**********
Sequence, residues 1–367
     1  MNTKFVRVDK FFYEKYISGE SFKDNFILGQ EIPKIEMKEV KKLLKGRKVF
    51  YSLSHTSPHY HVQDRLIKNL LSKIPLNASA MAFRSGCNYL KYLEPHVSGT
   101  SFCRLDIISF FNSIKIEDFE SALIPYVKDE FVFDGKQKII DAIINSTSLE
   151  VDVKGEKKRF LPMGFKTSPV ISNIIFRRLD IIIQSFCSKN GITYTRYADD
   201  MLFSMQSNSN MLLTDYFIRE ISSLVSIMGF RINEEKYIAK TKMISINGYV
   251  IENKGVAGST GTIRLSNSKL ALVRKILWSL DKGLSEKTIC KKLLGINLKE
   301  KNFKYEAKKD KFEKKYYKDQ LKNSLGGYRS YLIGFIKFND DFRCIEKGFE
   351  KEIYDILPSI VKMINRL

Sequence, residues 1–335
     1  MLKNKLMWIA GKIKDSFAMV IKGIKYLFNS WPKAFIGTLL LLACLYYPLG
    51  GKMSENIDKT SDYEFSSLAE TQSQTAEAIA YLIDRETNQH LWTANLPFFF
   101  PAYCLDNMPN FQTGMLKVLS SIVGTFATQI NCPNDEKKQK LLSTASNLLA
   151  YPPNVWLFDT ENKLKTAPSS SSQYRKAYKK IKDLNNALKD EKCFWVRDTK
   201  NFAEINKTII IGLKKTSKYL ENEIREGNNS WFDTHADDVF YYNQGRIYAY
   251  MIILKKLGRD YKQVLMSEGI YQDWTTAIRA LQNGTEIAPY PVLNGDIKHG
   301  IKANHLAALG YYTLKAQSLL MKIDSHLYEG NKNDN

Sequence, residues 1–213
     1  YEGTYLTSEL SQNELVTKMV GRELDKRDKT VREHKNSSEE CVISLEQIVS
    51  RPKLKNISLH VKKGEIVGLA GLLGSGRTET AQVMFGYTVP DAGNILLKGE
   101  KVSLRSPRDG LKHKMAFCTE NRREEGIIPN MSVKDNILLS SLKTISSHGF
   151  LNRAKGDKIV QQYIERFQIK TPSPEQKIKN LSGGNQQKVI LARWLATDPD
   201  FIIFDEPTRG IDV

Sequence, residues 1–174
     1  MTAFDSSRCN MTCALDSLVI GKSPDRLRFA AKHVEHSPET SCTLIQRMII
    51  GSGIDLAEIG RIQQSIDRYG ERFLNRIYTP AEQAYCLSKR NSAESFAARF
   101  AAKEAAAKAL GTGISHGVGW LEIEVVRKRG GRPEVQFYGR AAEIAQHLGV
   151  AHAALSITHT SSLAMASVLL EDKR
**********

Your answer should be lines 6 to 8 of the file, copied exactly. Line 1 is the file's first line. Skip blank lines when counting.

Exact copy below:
   201  MLFSMQSNSN MLLTDYFIRE ISSLVSIMGF RINEEKYIAK TKMISINGYV
   251  IENKGVAGST GTIRLSNSKL ALVRKILWSL DKGLSEKTIC KKLLGINLKE
   301  KNFKYEAKKD KFEKKYYKDQ LKNSLGGYRS YLIGFIKFND DFRCIEKGFE